Monday, December 22, 2008

Homily for Advent4B

This homily was preached yesterday at St. Stephen Church on the 4th Sunday of Advent (Year B). It's a short homily instead of a sermon because we had our Christmas Play as part of the service.

Here's a link to the readings for the day. Be blessed!

Last week I asked what kind of Christmas you were hoping for.

The texts this week ask a different question of us: what kind of Christmas are you working for?

Sure – holiday flurry:

  • 1 or 2 more people to shop for
  • Several gifts to wrap
  • Food to prepare and a house to clean

How will it all get done?!?

Only one sane answer: teamwork. Everyone pitches in. At our house we have a song: “clean up! Clean up! Everybody everywhere! Clean up! Clean up! Everybody do their share!”

The task before us is insurmountable, unless we have some help from our family. That’s the challenge we find – surprisingly enough – in our lectionary readings today!

Consider David’s plight: David has vowed to establish a house for the worship Lord. In turn, the Lord has vowed to establish David’s house – his royal line – forever!!!

David knows this task will be too much for him, so he rests in the knowledge that his son will be seated on the throne after him. David may not get the job done, but surely his son will carry on for him.

Thankfully for us, David’s greater son was in view – not Solomon, but Jesus. For Solomon would build a beautiful temple, but it would eventually be torn down.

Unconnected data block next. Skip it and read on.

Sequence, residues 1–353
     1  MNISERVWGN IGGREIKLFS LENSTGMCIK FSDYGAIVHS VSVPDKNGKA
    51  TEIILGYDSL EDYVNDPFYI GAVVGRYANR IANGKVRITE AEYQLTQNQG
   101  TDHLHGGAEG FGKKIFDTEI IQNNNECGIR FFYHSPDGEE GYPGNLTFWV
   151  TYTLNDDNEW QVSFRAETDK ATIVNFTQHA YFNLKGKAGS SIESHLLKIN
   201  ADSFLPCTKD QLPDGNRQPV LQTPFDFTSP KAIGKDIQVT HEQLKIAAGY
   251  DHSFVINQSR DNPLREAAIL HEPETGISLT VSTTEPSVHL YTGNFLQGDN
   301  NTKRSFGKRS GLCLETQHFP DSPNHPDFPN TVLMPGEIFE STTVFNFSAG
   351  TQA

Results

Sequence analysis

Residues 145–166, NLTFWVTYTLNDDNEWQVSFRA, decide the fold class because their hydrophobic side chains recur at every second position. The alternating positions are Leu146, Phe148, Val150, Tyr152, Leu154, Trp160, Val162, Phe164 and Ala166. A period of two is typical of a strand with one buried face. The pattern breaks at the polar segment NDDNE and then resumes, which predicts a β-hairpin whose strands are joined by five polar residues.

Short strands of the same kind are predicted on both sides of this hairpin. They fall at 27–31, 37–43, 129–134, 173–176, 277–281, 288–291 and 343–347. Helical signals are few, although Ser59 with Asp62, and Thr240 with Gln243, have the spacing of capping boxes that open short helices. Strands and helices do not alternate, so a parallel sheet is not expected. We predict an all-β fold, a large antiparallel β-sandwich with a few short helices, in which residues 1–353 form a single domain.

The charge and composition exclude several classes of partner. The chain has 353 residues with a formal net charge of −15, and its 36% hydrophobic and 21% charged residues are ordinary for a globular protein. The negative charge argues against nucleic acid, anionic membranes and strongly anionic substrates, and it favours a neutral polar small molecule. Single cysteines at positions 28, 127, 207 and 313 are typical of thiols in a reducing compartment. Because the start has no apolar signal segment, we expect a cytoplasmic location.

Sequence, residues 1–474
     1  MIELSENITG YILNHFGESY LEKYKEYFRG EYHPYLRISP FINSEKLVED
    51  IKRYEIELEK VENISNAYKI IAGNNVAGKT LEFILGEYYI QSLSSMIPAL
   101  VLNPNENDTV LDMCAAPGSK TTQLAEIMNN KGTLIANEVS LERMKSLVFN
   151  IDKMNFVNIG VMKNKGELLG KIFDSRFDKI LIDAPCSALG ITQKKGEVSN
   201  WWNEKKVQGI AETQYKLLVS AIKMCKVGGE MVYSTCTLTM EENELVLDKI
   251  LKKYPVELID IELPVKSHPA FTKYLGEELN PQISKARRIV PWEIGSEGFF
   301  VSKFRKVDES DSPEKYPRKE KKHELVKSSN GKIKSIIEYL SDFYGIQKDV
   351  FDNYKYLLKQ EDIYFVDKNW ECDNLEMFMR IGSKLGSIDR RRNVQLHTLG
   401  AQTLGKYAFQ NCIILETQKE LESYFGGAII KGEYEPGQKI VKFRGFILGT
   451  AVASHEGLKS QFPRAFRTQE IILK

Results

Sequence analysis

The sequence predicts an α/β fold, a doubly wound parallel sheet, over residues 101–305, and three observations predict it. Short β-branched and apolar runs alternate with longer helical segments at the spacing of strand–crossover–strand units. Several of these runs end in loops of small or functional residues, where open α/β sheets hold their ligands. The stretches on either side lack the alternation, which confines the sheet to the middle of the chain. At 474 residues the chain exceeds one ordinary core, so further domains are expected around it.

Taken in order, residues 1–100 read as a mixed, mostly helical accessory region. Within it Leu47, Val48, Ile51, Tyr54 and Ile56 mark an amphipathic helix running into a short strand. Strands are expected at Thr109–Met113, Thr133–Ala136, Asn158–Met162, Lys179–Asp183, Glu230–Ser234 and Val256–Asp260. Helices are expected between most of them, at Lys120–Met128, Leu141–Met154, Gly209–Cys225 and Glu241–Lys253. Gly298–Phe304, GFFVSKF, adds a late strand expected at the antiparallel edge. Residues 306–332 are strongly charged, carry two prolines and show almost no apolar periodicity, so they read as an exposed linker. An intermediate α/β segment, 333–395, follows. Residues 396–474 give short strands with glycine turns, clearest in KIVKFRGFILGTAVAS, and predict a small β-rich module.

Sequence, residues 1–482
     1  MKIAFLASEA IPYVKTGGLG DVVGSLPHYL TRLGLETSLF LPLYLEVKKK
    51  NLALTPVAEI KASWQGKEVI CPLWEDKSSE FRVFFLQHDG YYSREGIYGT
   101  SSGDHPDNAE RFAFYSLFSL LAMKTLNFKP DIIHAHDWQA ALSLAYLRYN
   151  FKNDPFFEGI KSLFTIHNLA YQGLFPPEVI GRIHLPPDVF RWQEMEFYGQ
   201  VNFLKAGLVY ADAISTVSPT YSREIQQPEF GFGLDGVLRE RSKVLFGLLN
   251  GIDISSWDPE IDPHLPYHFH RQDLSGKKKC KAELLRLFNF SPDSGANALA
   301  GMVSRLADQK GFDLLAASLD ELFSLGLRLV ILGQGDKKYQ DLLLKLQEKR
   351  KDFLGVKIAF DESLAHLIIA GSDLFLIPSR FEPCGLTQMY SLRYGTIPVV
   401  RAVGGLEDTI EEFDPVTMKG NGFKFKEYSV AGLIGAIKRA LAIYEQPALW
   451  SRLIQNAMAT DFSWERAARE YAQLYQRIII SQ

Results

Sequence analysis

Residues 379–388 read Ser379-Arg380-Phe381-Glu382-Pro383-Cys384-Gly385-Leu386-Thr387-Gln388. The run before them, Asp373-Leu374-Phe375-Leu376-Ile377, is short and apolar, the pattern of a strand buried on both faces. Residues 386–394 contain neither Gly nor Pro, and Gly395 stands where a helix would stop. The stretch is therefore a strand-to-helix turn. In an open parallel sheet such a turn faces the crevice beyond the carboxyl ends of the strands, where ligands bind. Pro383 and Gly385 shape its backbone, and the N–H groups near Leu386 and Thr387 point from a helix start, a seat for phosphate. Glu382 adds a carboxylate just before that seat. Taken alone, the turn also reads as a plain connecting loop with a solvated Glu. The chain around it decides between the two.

Jesus – David’s greater son – spoke of his own body as a temple; if it be torn down, he would rebuild it in three days! Moreover, Jesus builds his body – the church – as a temple of the Holy Spirit. And he made a promise that the gates of hell could not withstand it.

It’s an amazing promise to David – so great that he doesn’t fully understand what is being given to him in having the messiah come from his family lineage. But this grace will be celebrated by future generations. It will be reiterated by the prophets, until the time is ripe.

As Paul puts it: “the revelation of the mystery which was kept secret for long ages but is now disclosed and through the prophetic writings is made known to all nations, according to the command of eternal god, to bring about the obedience of faith.”

God hid these things until his work of establishing David’s line should be complete. The entire nation desired to hear the good news of the coming king. Then, the Lord revealed it. But notice to whom he reveals it!

Our rehearsal of the Christmas story shows that he chose strange people to be witnesses to the miracle: shepherds – the social outcasts of his time; and gentiles – astrologers far removed from the covenant!

God had tried to reveal his plan to a pious priest in David’s lineage named Zechariah, but he didn’t respond – and so his mouth was shut for 9 months until the birth of his son, John who was to become the baptizer.